The Russian work offers more cohesion than its better-known D minor companion but the composer’s individual voice emerges with strikingly comparable determination. Both string players have to cope with long stretches of playing at the octave in the first movement and, while most of the time this can be the cause of gritted teeth for a listener, here the uniformity sounded true, close to faultless. When the lines diverged for the Romance/Andante, the contrast in attack showed up strongly, Valve more immediately ardent but the violinist saving his powder for the high tessitura bars that open the movement’s coda.
Selby proved the dominant voice in this particular trio, nowhere more than in the Scherzo/Presto where the keyboard leaps across its range, attracting attention even when the action ostensibly falls to the strings. For the concluding set of variations, the honours are shared more evenly in the central segments but the piano carries all before it – well-Selby certainly did – in the jubilant sixth variation with its exuberant keyboard reinforcement of everything that is happening. At the end, you were glad to have heard the trio – in my case, for the first time in live performance – but you would need to experience it with players of this calibre to make it worth hearing again.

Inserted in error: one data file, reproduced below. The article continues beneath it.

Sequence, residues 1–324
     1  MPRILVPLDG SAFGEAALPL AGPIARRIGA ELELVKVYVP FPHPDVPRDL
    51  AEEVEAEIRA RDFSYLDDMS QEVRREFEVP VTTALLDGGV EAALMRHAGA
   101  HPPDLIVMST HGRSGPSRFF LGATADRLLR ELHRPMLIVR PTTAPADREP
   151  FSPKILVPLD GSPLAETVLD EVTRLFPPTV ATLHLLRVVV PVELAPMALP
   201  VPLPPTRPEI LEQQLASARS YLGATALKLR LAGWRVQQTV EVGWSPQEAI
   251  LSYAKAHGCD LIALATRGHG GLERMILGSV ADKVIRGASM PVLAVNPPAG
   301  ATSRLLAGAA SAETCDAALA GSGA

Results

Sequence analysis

For quite a few of us, I believe, the Brahms sextet arrangement came as a mixed blessing. The work is a buoyant affirming joy in its outer movements where the melodic fluency impresses further on each encounter, yet it took a while to adjust to this new setting where the capacity for different allocations of responsibility is greater than in the Schumann Six Pieces. In fact, it wasn’t until the re-statement of the opening subject at bar 43 that a sort of reconciliation with the new order came into play.
As things turned out, interest fell less on who had been entrusted with what but more on the details that emerged from this new sound scape, particularly from the piano in the first two movements when you were suddenly struck by many note groups that are subsumed into the comfortable string mesh of the original.
A double-stop that seemed to lead nowhere was the only unsettling moment I heard in Leppanen’s first movement work, soon offset by his civilized stentorian approach to the Andante‘s variations. Mind you, this section of the work came close to ideal in terms of emotional congruence between all players. You were also hard pressed to find fault with the Scherzo, a stolid gem that bridges Schubert and Mahler.
But the final Rondo made a fine capstone to this surprising, novelty-rich night, including a moving dying fall for the strings from about bar 266 onward. No, you can’t improve on Brahms’ score for sonorous warmth and wide emotional breadth but this performance conveyed a fine facsimile of the sextet, performed with a consistent burnished virtuosity.